Rock-and-roll benefit concerts: Music to UNICEF’s ears
By Blue Chevigny
NEW YORK, USA, 7 December 2006 – UNICEF has started many trends over the years. One of the most influential – the rock-and-roll benefit concert – began in 1971, when George Harrison and Ravi Shankar teamed up with UNICEF to raise money for children and families fleeing the war in what was then East Pakistan.
The two musicians put on the Concert for Bangladesh, starring themselves and an all-star band at Madison Square Garden in New York.
“The concert was really historical. The New York Times called it historical, musically,” recalled UNICEF’s Head of Communications at the time of the concert, Jack Ling. With the likes of Bob Dylan, Ringo Starr and Eric Clapton onstage, one can see what the Times meant. But the concert also made history by raising an unprecedented $10 million – making it the single largest such benefit ever held.
Music for UNICEF
In 1979 this model was replicated, but with a twist. To kick off the United Nations Year of the Child, the Music for UNICEF Concert was held in the UN General Assembly Hall itself.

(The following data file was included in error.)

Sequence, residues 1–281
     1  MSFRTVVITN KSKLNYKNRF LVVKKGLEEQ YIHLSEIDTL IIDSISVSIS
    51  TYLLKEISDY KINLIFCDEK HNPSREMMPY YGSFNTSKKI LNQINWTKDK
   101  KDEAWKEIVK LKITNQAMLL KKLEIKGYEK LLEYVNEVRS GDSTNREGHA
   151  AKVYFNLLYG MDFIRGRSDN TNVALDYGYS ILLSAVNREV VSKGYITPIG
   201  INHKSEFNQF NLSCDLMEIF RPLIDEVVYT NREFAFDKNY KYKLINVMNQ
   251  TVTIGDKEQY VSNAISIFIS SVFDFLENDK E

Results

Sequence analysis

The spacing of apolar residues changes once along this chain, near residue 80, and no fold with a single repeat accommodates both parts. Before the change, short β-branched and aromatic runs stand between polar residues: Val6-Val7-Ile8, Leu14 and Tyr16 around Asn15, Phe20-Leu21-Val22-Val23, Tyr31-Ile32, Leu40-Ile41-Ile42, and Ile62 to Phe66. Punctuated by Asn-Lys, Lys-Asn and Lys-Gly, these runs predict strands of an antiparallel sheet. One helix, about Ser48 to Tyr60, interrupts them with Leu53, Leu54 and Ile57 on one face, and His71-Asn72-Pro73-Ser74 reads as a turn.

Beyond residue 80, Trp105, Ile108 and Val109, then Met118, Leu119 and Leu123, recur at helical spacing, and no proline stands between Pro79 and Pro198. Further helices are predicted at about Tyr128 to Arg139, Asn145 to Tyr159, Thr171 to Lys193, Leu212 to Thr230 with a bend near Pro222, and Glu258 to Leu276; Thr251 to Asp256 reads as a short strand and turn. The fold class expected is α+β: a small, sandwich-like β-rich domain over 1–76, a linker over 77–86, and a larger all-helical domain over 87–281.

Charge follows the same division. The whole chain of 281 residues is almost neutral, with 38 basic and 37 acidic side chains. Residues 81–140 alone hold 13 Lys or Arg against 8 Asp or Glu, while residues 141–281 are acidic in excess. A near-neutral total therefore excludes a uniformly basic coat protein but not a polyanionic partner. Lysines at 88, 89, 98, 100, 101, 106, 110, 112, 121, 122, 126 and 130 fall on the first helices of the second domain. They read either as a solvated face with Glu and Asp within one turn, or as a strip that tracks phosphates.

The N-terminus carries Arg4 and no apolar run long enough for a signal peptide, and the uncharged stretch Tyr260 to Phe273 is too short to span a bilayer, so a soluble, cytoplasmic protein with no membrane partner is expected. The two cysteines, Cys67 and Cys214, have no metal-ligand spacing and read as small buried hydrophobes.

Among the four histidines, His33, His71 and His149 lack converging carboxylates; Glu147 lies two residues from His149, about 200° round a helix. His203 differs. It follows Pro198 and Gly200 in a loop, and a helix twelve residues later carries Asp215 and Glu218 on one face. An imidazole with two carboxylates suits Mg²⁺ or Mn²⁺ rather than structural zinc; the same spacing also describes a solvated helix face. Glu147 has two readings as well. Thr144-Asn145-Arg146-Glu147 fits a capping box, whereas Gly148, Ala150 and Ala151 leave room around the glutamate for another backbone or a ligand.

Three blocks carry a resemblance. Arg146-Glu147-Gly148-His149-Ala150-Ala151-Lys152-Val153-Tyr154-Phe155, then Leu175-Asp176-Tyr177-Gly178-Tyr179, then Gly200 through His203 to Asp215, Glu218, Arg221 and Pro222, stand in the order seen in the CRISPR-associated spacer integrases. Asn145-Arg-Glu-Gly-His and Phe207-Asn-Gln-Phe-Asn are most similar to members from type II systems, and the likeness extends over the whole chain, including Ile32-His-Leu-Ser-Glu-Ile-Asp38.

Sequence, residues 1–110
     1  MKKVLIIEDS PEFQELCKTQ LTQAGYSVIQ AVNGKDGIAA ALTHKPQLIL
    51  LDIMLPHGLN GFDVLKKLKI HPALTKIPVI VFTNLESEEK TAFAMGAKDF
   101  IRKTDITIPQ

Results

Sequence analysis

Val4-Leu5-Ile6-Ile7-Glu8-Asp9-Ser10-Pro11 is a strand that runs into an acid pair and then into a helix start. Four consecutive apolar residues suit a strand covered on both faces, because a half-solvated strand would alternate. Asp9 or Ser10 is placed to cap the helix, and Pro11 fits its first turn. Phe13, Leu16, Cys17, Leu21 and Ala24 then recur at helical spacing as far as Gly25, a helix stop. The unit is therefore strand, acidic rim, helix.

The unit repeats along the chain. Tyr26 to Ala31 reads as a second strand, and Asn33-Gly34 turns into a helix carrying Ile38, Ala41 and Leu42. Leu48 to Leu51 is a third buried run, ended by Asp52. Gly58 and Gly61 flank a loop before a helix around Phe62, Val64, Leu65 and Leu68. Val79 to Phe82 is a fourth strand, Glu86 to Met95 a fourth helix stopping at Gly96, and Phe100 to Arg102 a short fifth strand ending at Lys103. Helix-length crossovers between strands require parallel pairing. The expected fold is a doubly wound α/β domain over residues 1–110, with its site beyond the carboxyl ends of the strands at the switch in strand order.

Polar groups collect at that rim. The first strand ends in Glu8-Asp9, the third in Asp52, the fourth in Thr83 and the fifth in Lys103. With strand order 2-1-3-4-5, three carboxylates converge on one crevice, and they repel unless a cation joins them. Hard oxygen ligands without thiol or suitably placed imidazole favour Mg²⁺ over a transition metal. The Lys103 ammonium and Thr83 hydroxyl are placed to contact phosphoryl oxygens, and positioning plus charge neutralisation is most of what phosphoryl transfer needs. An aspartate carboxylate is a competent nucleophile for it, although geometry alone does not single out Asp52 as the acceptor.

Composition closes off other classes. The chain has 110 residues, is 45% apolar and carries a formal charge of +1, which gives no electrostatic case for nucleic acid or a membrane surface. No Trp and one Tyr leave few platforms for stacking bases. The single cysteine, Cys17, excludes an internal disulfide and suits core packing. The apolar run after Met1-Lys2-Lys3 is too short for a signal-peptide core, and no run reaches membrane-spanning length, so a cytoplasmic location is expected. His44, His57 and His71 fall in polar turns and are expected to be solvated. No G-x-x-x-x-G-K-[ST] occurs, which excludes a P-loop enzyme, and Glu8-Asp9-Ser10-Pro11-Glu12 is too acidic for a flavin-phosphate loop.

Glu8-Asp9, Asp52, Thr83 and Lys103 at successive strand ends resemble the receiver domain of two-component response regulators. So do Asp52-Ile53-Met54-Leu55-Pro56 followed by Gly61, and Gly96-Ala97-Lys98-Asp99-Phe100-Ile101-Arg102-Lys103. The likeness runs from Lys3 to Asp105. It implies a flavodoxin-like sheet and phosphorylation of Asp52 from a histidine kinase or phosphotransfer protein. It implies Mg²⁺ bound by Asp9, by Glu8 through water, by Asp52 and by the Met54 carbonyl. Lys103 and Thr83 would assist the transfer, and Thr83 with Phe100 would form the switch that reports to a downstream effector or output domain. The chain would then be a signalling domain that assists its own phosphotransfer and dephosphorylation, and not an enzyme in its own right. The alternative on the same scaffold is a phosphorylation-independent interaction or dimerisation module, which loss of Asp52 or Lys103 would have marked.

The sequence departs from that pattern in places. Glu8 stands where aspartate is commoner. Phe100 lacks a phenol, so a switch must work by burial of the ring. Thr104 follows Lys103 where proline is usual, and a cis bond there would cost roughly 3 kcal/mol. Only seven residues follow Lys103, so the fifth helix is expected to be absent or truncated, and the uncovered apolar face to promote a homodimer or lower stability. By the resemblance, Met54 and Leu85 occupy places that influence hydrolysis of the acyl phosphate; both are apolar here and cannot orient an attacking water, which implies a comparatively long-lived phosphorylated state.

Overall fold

Music for UNICEF starred the Bee Gees, ABBA, Rod Stewart and Earth Wind and Fire, among others. These artists, too, made history when they pledged to donate to UNICEF all the future royalties from the songs they performed that night.
Also in 1979, another former Beatle, Paul McCartney, and UNICEF organized a series of performances known as the Concert for Kampuchea (Cambodia) during the Christmas holidays in London.
Over the course of four nights, Mr. McCartney performed to sold-out houses with Queen, Elvis Costello, the Pretenders and the Clash, to name just a few. The shows had a decidedly British flavour and proved to be the biggest charitable benefit ever held in the UK.
The legacy continues
The UNICEF concerts of the 1970s paved the way for a string of 1980s fundraisers such as Live-Aid, Band-Aid and USA for Africa. But it was UNICEF, beginning with Mr. Harrison and Mr. Shankar, that originated the concept of fundraising through rock-and-roll super-concerts for humanitarian causes.
While it has been a while since UNICEF has hosted one of these concerts, their legacy in raising funds and awareness is far from forgotten.
Early in 2006, Madison Square Garden inducted the Concert for Bangladesh into its ‘walk of fame’ on the 35th anniversary of the landmark performance. And Mr. Harrison’s widow, Olivia Harrison, launched the George Harrison Fund for UNICEF to carry forward the spirit of the 1971 concert.
“Today we’re facing humanitarian crises on a scale we’ve not seen before,” Ms. Harrison said at the time. “George had faith in UNICEF. He chose UNICEF above others.”
More than three decades after the first concert held especially to heighten awareness about issues of global magnitude, her words were still music to UNICEF’s ears.